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A conceptual-model-based sediment connectivity assessment for patchy agricultural catchments
JournalArticle (Originalarbeit in einer wissenschaftlichen Zeitschrift)
ID 4660236
Author(s) Batista, Pedro V. G.; Fiener, Peter; Scheper, Simon; Alewell, Christine
Author(s) at UniBasel Alewell, Christine
Batista, Pedro
Scheper, Simon
Year 2022
Title A conceptual-model-based sediment connectivity assessment for patchy agricultural catchments
Journal Hydrology and Earth System Sciences
Volume 26
Number 14
Pages / Article-Number 3753-3770
Abstract The accelerated sediment supply from agricultural soils to riverine and lacustrine environments leads to negative off-site consequences. In particular, the sediment connectivity from agricultural land to surface waters is strongly affected by landscape patchiness and the linear structures that separate field parcels (e.g. roads, tracks, hedges, and grass buffer strips). Understanding the interactions between these structures and sediment transfer is therefore crucial for minimising off-site erosion impacts. Although soil erosion models can be used to understand lateral sediment transport patterns, model-based connectivity assessments are hindered by the uncertainty in model structures and input data. Specifically, the representation of linear landscape features in numerical soil redistribution models is often compromised by the spatial resolution of the input data and the quality of the process descriptions. Here we adapted the Water and Tillage Erosion Model and Sediment Delivery Model (WaTEM/SE-DEM) using high-resolution spatial data (2 m x 2 m) to analyse the sediment connectivity in a very patchy mesoscale catchment (73 km(2)) of the Swiss Plateau. We used a global sensitivity analysis to explore model structural assumptions about how linear landscape features (dis)connect the sediment cascade, which allowed us to investigate the uncertainty in the model structure. Furthermore, we compared model simulations of hillslope sediment yields from five sub-catchments to tributary sediment loads, which were calculated with long-term water discharge and suspended sediment measurements. The sensitivity analysis revealed that the assumptions about how the road network (dis)connects the sediment transfer from field blocks to water courses had a much higher impact on modelled sediment yields than the uncertainty in model parameters. Moreover, model simulations showed a higher agreement with tributary sediment loads when the road network was assumed to directly connect sediments from hillslopes to water courses. Our results ultimately illustrate how a high-density road network combined with an effective drainage system increases sediment connectivity from hillslopes to surface waters in agricultural landscapes. This further highlights the importance of considering linear landscape features and model structural uncertainty in soil erosion and sediment connectivity research.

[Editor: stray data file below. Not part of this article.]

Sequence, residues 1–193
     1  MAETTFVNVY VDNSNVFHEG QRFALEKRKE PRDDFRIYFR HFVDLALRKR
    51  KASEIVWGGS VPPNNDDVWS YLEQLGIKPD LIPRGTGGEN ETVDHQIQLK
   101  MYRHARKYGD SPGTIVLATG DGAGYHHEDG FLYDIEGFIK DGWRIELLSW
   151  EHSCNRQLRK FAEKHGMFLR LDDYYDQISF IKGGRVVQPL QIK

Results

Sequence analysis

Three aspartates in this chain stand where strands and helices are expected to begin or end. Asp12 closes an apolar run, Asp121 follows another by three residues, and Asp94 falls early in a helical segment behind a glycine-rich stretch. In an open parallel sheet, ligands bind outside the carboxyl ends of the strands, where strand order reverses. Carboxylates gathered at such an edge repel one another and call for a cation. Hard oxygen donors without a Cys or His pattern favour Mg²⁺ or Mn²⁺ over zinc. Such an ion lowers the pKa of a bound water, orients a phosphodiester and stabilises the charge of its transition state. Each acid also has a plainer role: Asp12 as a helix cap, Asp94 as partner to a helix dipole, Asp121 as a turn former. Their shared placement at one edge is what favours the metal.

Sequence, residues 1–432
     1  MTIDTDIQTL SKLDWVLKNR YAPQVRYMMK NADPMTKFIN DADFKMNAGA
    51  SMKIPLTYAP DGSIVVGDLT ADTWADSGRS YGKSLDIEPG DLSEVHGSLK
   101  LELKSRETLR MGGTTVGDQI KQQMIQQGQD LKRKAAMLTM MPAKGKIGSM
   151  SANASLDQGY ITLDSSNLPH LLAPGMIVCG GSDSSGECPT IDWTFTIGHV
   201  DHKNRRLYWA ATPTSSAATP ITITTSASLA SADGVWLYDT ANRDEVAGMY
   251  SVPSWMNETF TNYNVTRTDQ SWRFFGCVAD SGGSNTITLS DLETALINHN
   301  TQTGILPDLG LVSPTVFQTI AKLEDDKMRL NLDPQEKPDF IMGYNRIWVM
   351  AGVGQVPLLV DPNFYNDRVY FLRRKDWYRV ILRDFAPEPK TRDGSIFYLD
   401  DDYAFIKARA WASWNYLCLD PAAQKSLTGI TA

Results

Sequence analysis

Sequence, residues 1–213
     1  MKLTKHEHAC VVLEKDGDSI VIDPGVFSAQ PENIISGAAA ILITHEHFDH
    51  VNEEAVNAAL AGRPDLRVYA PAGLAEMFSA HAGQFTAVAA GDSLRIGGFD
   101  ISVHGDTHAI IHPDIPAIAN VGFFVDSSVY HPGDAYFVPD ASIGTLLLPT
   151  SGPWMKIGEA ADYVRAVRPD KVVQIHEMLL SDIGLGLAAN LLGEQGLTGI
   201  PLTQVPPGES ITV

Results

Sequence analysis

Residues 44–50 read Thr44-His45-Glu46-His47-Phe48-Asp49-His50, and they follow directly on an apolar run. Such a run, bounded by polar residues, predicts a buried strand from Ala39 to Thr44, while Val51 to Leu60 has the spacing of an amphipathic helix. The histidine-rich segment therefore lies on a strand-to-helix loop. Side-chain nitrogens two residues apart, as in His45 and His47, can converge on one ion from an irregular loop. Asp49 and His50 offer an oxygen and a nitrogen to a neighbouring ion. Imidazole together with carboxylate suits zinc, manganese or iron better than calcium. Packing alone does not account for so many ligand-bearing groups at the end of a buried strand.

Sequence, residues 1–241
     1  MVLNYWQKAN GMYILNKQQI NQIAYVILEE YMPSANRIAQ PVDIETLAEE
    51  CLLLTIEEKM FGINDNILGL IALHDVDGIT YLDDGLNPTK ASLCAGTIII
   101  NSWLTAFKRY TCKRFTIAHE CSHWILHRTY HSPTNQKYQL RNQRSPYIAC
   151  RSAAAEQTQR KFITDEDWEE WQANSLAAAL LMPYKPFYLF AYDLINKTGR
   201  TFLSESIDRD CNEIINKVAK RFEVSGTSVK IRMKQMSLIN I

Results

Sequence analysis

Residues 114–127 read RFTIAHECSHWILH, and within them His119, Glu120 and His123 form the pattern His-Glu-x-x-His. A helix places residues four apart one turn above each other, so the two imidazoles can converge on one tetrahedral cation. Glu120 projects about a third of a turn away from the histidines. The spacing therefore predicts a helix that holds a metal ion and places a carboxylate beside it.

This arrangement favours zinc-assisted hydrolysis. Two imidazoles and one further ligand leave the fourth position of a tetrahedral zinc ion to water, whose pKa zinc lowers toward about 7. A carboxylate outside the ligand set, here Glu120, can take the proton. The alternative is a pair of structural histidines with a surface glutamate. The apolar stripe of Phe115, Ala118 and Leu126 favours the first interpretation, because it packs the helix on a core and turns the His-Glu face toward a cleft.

Publisher Copernicus
ISSN/ISBN 1027-5606 ; 1607-7938
Full Text on edoc No
Digital Object Identifier DOI 10.5194/hess-26-3753-2022
ISI-Number 000826517300001
Document type (ISI) Article

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